Whether the circle is as big as planet Mars or as small as a tennis ball, the ratio of its circumference divided by its diameter will always equal pi (3.14). But why?

By Marshall Brain, Dave Roos & Austin Henderson

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Guns permeate society -- police officers carry them, wars are fought with them, normal citizens own them. These articles will show you how different types of guns function from trigger to barrel.

By Marshall Brain

Radar is used to track storms, planes, and weapons and also to create topographic maps. Learn about radar, radar technology and Doppler shift.

By Marshall Brain

Of course we want to go to Mars. Until we figure it out though, roving robots with names like Spirit, Opportunity, Sojourner and Curiosity are our best bet for digging up dirt on our nearest planetary neighbor. Want to go along for the ride?

By Marshall Brain & Kate Kershner

A tornado is one of those amazing, awesome acts of nature that simply leaves you dumbfounded -- a huge, swirling, 200-mph beast of a storm that appears to have a mind of its own.

By Marshall Brain, Robert Lamb & Yara Simón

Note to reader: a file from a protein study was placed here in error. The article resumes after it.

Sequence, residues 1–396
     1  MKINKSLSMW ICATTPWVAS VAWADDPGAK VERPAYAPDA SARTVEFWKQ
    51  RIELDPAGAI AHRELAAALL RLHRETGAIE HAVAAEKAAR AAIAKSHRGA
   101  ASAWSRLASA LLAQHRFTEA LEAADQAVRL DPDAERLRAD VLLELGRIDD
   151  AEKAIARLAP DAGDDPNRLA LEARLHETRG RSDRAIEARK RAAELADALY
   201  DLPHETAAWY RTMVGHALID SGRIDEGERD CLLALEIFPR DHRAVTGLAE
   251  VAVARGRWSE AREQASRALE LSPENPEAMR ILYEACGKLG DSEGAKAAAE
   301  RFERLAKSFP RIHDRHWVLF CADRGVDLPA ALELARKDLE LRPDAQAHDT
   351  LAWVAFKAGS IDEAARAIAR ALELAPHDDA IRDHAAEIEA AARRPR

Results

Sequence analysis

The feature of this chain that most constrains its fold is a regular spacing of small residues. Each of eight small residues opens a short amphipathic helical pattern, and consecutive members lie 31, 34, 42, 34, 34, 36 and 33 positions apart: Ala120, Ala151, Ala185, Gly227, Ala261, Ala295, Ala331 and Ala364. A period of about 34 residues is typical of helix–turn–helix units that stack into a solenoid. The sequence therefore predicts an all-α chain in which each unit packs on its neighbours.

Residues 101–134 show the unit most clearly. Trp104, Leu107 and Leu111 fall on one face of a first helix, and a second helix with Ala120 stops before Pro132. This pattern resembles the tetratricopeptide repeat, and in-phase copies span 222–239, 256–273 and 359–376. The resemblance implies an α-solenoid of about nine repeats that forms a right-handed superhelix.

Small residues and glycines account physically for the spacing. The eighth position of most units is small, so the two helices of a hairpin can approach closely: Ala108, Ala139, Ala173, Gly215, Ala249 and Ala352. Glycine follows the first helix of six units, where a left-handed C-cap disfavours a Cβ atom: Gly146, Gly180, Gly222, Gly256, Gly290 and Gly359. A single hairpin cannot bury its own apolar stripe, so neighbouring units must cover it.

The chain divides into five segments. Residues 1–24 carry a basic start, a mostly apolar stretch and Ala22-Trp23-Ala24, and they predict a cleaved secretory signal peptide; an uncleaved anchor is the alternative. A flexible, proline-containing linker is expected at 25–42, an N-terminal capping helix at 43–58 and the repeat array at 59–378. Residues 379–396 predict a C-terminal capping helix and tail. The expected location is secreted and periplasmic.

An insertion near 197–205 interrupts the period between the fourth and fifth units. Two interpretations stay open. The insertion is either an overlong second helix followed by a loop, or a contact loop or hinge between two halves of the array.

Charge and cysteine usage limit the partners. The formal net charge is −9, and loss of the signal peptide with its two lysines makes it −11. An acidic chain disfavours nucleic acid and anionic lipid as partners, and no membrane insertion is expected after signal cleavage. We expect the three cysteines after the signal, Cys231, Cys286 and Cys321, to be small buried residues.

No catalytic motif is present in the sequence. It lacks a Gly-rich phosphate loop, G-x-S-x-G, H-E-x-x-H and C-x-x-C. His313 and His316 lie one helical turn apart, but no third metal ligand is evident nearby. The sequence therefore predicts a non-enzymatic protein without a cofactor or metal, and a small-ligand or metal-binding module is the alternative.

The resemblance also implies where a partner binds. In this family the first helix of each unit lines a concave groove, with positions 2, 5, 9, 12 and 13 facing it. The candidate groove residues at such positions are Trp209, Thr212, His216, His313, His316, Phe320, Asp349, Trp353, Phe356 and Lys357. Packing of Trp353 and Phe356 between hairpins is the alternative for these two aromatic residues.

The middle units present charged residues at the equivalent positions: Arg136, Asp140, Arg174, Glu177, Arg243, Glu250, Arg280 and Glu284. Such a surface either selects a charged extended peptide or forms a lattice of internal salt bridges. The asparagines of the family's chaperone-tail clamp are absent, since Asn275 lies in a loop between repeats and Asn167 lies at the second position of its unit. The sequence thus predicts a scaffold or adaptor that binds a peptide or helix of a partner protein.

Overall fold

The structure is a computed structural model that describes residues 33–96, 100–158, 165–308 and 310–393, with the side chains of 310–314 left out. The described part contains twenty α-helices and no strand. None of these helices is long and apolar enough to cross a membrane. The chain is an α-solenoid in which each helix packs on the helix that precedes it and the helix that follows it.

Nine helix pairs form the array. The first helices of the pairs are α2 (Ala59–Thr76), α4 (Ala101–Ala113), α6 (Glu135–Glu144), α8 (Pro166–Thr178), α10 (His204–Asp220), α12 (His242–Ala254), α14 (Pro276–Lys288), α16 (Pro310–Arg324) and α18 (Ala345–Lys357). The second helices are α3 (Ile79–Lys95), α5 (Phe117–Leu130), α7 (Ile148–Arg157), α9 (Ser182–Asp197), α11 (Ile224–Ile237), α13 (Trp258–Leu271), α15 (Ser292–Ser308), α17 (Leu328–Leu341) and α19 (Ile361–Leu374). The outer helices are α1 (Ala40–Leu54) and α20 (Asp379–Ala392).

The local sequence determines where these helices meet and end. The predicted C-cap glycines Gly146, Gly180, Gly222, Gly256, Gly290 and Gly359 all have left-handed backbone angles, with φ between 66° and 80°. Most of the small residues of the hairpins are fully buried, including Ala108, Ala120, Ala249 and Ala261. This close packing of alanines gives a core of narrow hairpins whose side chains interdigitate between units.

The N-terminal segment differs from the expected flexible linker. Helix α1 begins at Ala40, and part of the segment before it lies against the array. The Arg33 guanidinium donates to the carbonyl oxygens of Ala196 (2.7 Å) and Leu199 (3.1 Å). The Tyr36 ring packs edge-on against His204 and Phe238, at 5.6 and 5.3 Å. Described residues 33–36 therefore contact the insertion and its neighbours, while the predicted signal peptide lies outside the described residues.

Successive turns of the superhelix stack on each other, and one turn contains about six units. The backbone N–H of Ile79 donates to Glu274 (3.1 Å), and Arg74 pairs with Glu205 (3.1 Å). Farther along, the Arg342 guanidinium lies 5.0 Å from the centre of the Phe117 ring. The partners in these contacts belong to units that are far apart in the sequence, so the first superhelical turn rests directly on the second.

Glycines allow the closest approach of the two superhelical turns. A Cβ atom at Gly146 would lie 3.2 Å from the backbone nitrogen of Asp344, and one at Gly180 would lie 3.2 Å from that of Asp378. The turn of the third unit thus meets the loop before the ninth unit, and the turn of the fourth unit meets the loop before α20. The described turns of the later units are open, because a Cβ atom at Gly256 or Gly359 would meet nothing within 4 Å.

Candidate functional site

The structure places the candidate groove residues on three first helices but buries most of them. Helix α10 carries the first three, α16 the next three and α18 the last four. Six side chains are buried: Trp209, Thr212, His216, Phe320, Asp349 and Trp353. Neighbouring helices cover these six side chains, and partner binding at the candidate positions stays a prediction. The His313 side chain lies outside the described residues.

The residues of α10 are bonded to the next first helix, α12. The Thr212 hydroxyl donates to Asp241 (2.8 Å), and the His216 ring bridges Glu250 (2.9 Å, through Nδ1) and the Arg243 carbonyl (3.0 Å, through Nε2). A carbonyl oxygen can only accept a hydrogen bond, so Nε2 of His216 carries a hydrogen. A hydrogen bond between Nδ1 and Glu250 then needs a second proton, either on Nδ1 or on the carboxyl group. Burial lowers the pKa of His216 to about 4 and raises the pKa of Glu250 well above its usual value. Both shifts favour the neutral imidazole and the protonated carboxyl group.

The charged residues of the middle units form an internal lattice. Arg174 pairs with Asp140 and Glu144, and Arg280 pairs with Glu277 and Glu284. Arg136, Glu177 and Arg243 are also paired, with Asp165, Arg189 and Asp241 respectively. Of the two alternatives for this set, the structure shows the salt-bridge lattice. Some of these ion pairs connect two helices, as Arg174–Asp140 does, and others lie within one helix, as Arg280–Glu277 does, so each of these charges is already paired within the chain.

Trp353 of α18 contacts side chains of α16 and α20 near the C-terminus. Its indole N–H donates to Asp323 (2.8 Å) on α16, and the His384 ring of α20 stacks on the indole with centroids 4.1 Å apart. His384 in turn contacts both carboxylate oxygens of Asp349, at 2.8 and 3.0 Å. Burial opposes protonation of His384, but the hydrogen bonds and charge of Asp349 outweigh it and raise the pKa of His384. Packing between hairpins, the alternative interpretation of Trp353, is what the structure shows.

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Did you know that airplanes and space shuttles use the utterly low-tech gyroscope for navigation? Discover the secret behind gyroscopic motion!

By Marshall Brain & Desiree Bowie

If you've ever been to an aerial fireworks show, then you know that fireworks have a magic all their own. Ever wonder how they make such incredible colors and designs? Learn all about these pyrotechnics!

By Marshall Brain & Austin Henderson

Nuclear radiation can be extremely beneficial or extremely harmful -- it all depends on how it's used. Learn what nuclear radiation is all about.

By Marshall Brain & Desiree Bowie

Every animal sleeps -- some more than others -- but why they do it is a mystery to scientists. Is sleep more than just beauty rest? Could skimping on it kill you? And how much do you really need?

By Marshall Brain